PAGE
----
Published February 20, 2017
The Chinese government’s recent decision to ban the manufacture and sale of four types of the synthetic drug fentanyl next month came too late for Carlos Castellanos.
The 23-year-old Pennsylvania man had been off drugs for 10 months when he was found dead in a car parked by a train station. Castellanos looked happy and healthy when he walked his mother, Pam Garozzo, down the aisle at her wedding on Dec. 3. But on Dec. 23 Castellanos relapsed, overdosing on a drug apparently laced with fentanyl.
“It took us by total shock,” Garozzo said of her son’s death. “He was very happy, healthy, he had a girlfriend, he had plans to go back to college, he wanted to be an engineer, he was facilitating meetings to help other people in drug recovery. But the drugs are toxic and they’re everywhere.”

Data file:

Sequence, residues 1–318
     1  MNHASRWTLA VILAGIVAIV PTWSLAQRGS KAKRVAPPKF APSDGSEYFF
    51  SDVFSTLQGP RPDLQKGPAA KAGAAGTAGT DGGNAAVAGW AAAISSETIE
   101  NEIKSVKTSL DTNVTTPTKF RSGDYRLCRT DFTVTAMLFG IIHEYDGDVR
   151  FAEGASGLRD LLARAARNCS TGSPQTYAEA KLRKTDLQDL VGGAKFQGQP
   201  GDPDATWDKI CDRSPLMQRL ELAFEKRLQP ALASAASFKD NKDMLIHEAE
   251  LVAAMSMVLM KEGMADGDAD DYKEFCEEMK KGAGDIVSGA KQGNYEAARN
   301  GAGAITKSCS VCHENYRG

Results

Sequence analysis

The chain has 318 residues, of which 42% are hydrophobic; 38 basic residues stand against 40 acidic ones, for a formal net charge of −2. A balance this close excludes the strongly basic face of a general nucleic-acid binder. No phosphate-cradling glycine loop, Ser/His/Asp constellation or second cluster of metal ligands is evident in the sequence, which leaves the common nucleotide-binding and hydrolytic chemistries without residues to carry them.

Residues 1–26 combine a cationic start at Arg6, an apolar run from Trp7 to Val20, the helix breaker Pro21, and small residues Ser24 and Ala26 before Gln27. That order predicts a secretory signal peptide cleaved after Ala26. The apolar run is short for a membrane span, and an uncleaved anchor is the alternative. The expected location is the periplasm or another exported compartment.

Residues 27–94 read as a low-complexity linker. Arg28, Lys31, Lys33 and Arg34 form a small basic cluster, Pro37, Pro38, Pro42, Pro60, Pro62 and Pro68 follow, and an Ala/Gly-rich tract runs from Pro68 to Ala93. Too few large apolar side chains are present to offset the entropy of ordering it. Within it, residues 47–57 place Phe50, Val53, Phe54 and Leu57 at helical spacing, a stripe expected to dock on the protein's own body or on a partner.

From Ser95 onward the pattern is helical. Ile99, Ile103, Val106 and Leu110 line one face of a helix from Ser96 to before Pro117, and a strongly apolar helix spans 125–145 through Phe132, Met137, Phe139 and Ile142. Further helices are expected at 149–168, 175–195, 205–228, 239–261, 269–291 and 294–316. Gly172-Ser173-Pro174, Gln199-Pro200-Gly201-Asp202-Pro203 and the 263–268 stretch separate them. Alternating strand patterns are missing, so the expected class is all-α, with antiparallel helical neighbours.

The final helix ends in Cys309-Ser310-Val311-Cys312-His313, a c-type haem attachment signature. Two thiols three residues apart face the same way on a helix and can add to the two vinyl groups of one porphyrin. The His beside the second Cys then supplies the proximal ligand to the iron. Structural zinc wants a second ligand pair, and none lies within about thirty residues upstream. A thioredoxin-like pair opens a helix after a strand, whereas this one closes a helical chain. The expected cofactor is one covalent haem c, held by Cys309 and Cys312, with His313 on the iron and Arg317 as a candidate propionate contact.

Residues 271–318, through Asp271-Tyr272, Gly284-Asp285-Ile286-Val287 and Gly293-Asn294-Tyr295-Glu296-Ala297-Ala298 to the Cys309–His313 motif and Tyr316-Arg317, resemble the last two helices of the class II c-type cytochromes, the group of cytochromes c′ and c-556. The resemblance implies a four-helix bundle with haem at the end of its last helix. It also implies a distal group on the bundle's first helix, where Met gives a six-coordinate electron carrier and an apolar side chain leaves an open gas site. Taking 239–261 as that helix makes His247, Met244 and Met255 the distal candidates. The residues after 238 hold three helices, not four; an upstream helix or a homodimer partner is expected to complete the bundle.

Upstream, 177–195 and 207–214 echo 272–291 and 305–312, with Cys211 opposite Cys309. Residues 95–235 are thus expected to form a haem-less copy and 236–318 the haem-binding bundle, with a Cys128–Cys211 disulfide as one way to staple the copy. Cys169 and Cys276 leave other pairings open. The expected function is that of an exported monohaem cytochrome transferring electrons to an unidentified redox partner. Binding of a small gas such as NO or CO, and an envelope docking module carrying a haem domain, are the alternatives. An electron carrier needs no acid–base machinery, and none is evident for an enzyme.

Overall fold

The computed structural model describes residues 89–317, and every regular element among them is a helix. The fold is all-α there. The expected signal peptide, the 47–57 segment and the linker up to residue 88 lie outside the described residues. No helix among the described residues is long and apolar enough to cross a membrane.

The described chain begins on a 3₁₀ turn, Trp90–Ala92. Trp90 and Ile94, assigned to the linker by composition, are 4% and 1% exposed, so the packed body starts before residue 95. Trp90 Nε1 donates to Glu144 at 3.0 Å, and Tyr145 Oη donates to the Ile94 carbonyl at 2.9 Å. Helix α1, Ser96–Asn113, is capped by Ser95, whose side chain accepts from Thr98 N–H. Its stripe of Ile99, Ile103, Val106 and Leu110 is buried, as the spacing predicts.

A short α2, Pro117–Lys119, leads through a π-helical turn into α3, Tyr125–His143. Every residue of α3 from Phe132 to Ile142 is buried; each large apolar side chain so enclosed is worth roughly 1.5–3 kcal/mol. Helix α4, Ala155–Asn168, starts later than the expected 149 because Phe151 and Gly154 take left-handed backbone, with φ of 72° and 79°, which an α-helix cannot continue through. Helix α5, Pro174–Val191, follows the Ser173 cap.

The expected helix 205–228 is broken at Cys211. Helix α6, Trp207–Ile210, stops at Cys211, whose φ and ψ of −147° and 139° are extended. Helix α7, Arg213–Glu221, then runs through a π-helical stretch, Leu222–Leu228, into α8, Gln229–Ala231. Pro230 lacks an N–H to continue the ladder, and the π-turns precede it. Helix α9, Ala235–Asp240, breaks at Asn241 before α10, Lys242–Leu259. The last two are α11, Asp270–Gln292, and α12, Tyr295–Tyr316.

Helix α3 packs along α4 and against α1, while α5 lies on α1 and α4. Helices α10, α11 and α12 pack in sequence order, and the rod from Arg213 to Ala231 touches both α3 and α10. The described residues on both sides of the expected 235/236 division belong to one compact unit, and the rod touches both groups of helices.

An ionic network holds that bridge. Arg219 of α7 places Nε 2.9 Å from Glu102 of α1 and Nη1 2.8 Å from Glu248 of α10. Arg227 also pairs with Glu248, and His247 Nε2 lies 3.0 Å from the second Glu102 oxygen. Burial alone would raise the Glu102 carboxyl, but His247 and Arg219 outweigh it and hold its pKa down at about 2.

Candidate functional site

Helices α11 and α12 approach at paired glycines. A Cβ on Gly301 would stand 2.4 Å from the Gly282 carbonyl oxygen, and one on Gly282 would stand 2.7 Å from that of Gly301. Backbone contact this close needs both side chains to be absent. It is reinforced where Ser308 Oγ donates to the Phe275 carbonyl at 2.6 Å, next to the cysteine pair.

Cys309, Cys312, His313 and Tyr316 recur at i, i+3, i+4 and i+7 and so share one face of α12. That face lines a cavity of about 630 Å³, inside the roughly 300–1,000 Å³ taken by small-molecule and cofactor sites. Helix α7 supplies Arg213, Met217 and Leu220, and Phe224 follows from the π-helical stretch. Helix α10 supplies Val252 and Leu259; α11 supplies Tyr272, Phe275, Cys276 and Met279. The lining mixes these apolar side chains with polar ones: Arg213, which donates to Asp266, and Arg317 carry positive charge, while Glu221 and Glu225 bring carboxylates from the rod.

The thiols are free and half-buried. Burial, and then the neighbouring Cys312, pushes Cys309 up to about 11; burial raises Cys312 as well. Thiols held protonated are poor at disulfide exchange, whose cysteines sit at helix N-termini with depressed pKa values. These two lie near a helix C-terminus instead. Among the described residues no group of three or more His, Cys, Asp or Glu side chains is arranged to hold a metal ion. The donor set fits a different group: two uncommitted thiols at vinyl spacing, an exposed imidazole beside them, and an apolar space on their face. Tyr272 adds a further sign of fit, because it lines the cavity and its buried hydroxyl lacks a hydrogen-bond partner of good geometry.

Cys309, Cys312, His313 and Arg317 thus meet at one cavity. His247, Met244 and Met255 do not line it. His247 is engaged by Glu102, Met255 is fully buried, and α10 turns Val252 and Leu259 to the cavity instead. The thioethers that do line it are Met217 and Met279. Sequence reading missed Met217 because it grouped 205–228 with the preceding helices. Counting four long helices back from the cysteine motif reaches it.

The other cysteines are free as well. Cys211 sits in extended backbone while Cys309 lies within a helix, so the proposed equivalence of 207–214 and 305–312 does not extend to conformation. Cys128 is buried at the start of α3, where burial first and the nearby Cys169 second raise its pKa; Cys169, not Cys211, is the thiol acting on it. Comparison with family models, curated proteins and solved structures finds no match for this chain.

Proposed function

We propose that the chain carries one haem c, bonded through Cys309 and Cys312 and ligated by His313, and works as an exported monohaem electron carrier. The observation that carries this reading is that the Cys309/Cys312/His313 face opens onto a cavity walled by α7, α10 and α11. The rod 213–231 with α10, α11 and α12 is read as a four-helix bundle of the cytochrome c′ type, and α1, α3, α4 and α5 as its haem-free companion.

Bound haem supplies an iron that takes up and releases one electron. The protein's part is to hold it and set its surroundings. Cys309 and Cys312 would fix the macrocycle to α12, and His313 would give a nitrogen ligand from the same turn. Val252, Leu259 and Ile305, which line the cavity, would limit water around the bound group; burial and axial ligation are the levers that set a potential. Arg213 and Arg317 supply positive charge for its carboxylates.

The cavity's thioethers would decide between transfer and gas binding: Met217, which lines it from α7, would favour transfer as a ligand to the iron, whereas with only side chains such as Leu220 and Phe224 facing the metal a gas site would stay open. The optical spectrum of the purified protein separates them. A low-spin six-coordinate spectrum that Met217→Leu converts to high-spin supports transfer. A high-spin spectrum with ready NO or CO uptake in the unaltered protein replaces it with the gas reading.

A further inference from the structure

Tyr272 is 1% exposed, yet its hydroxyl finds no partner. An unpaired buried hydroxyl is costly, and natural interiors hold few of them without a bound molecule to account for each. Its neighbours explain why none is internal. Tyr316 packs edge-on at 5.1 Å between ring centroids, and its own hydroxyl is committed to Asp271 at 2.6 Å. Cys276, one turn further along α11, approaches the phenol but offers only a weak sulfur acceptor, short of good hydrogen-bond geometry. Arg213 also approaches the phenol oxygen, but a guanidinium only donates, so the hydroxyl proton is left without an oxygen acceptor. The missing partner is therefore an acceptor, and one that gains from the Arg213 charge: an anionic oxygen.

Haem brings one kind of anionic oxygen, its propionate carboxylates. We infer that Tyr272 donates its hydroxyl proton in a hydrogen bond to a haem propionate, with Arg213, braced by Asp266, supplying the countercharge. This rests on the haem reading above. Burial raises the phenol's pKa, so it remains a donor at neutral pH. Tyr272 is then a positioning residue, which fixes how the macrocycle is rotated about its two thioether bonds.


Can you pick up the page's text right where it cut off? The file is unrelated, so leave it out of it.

China announced Wednesday night that it will ban carfentanil, furanyl fentanyl, acrylfentanyl and valeryl fentanyl from being manufactured there – a move that U.S. officials at the federal and state levels say is significant and likely to be felt in communities across the country.
Manufacturers and organized crime groups in China are the source of the bulk of fentanyl that is upending U.S. lives, and killing more than 700 people each year. It is 50 times more potent than heroin and 100 times stronger than morphine. People whose skin accidently has come in contact with it have become addicted.
U.S. Drug Enforcement Agency officials see tighter fentanyl controls by China as a game-changer. When it got tougher about regulating 100 synthetic chemicals in 2015, the global supply of those substances plummeted, some as much as 60 percent, according to the DEA.